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Shale-Focused Horn River Pipeline Gets OK

Canada's National Energy Board (NEB) has approved TransCanada Corp. unit NOVA Gas Transmission Ltd.'s (NGTL) construction and operation of its C$307 million Horn River Project, which would help carry growing supplies of shale gas to market.

The Horn River Project is an extension of NGTL's Alberta System to transport sweet natural gas from the Horn River area in British Columbia (BC) to a tie-in point on the existing Northwest Mainline of the Alberta System.

The company has contracts representing about 540 MMcf/d of capacity on the project, which is projected to have 1.6 Bcf/d of total capacity, TransCanada spokesman Derek Rogers told NGI's Shale Daily. "We are definitely comfortable with the customer interest that has been expressed so far...We see the shale gas development continuing to grow in northeast British Columbia," he said, noting that the project is sized to accommodate growth in shale gas supplies.

Rogers said the company is pleased that Canada's National Energy Board (NEB) has approved its project but it is still evaluating the conditions of the approval

The project would provide customers direct access to the NOVA Inventory Transfer market. TransCanada said it is pursuing the project in response to rapidly increasing development of gas production from the northeastern BC shale basins. Rogers said TransCanada expects the project to be operational during the second quarter of 2012.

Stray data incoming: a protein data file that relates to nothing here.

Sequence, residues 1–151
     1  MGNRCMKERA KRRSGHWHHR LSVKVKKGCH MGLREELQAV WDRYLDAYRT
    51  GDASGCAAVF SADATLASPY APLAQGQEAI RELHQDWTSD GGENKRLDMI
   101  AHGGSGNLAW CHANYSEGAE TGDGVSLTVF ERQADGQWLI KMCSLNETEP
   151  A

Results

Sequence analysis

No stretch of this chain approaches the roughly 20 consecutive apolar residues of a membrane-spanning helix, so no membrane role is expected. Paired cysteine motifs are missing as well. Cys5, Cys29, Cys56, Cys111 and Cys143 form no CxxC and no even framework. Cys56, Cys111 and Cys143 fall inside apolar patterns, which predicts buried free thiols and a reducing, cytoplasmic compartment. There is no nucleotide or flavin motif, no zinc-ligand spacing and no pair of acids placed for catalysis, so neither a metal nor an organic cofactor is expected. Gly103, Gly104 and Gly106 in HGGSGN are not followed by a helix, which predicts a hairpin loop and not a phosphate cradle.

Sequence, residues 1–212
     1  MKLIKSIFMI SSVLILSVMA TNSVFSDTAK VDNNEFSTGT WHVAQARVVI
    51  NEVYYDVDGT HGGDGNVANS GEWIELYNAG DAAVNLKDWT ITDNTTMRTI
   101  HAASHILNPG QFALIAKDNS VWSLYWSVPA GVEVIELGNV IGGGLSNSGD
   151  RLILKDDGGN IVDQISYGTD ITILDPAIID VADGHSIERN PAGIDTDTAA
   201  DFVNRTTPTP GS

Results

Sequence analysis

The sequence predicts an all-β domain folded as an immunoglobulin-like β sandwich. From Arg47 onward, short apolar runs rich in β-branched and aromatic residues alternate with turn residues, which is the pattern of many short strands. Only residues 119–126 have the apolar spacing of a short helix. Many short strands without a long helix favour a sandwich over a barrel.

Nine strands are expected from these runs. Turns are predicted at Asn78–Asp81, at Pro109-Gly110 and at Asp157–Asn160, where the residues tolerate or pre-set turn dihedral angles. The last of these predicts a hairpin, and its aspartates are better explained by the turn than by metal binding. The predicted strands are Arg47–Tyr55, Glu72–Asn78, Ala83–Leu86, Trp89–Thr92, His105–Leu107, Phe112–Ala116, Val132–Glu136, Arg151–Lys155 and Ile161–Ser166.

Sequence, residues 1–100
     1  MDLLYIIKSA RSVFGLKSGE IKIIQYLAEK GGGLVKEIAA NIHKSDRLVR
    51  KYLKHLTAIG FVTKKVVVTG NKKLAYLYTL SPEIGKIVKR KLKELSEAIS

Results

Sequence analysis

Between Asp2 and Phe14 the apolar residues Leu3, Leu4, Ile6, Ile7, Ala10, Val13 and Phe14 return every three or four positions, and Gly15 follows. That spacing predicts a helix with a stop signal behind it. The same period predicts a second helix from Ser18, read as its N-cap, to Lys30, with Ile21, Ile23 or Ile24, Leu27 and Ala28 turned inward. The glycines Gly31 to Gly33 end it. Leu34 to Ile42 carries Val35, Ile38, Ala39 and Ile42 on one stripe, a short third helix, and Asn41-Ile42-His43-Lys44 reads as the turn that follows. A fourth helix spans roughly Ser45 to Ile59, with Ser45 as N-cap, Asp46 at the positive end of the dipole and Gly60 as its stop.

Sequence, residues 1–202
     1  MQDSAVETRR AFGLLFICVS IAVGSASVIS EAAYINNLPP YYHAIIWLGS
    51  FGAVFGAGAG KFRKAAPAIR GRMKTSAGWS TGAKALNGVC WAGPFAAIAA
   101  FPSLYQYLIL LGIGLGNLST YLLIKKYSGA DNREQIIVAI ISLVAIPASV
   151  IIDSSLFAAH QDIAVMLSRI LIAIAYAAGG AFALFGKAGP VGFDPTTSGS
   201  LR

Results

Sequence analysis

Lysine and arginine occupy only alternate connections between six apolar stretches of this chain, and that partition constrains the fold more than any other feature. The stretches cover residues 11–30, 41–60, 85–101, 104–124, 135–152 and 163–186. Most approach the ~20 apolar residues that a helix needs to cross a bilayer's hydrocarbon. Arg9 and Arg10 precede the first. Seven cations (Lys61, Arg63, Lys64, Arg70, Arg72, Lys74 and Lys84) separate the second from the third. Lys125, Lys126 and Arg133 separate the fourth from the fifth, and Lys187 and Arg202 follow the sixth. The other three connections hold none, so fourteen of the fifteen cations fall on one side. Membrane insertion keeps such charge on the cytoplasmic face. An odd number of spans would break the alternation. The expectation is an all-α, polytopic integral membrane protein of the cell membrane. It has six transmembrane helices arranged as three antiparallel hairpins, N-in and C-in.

It consists of two primary components: NGTL's acquisition and operation of the Ekwan Pipeline and the construction and operation of new pipeline and metering facilities. The new facilities include the Cabin Section (72 km of new pipeline) and the Komie East Extension (2.2 km of new pipeline). Four new meter stations would also be constructed and the existing Ekwan meter station would be modified.

The NEB set 31 conditions with which NGTL must comply during the construction and operation of the project. Several of the conditions target the protection of the boreal woodland caribou and caribou habitat, migratory birds and wetlands in the project area.

The schedule for the C$237 million (US$232 million) project sets a target of May 1, 2012 for service to begin (see Daily GPI, Oct. 11, 2010).

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